## partial_sort_copy

Syntax:

```    #include <algorithm>
random_access_iterator partial_sort_copy( input_iterator start, input_iterator end, random_access_iterator result_start, random_access_iterator result_end );
random_access_iterator partial_sort_copy( input_iterator start, input_iterator end, random_access_iterator result_start, random_access_iterator result_end, StrictWeakOrdering cmp );```

The partial_sort_copy() algorithm behaves like partial_sort(), except that instead of partially sorting the range in-place, a copy of the range is created and the sorting takes place in the copy. The initial range is defined by [start,end) and the location of the copy is defined by [result_start,result_end).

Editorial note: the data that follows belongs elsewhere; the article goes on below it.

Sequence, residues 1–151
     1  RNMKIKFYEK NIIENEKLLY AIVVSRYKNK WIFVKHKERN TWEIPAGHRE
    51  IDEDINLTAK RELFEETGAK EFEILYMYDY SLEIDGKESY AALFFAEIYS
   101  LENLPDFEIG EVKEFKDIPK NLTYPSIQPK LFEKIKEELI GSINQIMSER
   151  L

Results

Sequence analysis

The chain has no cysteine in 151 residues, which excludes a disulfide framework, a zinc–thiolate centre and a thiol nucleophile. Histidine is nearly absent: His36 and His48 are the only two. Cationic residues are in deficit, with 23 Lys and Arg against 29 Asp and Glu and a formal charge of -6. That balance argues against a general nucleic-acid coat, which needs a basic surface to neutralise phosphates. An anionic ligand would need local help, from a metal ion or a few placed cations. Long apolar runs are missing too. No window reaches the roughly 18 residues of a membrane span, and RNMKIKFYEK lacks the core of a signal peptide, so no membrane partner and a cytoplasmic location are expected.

partial_sort_copy() returns an iterator to the end of the copied, partially- sorted range of elements.

Example:

```// partial_sort_copy example
#include <iostream>
#include <algorithm>
#include <vector>
using namespace std;

bool myfunction (int i,int j) { return (i<j); }

int main () {
int myints[] = {9,8,7,6,5,4,3,2,1};
vector<int> myvector (5);
vector<int>::iterator it;

// using default comparison (operator <):
partial_sort_copy (myints, myints+9, myvector.begin(), myvector.end());

// using function as comp
partial_sort_copy (myints, myints+9, myvector.begin(), myvector.end(), myfunction);

// print out content:
cout << "myvector contains:";
for (it=myvector.begin(); it!=myvector.end(); ++it)
cout << " " << *it;

cout << endl;

return 0;
}```

Output: myvector contains: 1 2 3 4 5

Related Topics: binary_search, is_sorted, partial_sort, sort, stable_sort